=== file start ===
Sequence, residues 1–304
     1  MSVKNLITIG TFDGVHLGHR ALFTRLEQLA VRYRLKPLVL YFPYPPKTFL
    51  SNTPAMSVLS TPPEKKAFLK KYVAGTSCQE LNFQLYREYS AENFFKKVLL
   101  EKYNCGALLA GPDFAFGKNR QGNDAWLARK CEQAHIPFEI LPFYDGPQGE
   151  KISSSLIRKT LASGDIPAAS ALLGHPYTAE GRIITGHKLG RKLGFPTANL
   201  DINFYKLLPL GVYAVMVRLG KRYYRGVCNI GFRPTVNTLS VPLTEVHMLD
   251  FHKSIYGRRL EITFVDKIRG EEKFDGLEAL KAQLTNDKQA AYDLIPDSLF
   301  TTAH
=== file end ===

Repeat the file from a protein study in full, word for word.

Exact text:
Sequence, residues 1–304
     1  MSVKNLITIG TFDGVHLGHR ALFTRLEQLA VRYRLKPLVL YFPYPPKTFL
    51  SNTPAMSVLS TPPEKKAFLK KYVAGTSCQE LNFQLYREYS AENFFKKVLL
   101  EKYNCGALLA GPDFAFGKNR QGNDAWLARK CEQAHIPFEI LPFYDGPQGE
   151  KISSSLIRKT LASGDIPAAS ALLGHPYTAE GRIITGHKLG RKLGFPTANL
   201  DINFYKLLPL GVYAVMVRLG KRYYRGVCNI GFRPTVNTLS VPLTEVHMLD
   251  FHKSIYGRRL EITFVDKIRG EEKFDGLEAL KAQLTNDKQA AYDLIPDSLF
   301  TTAH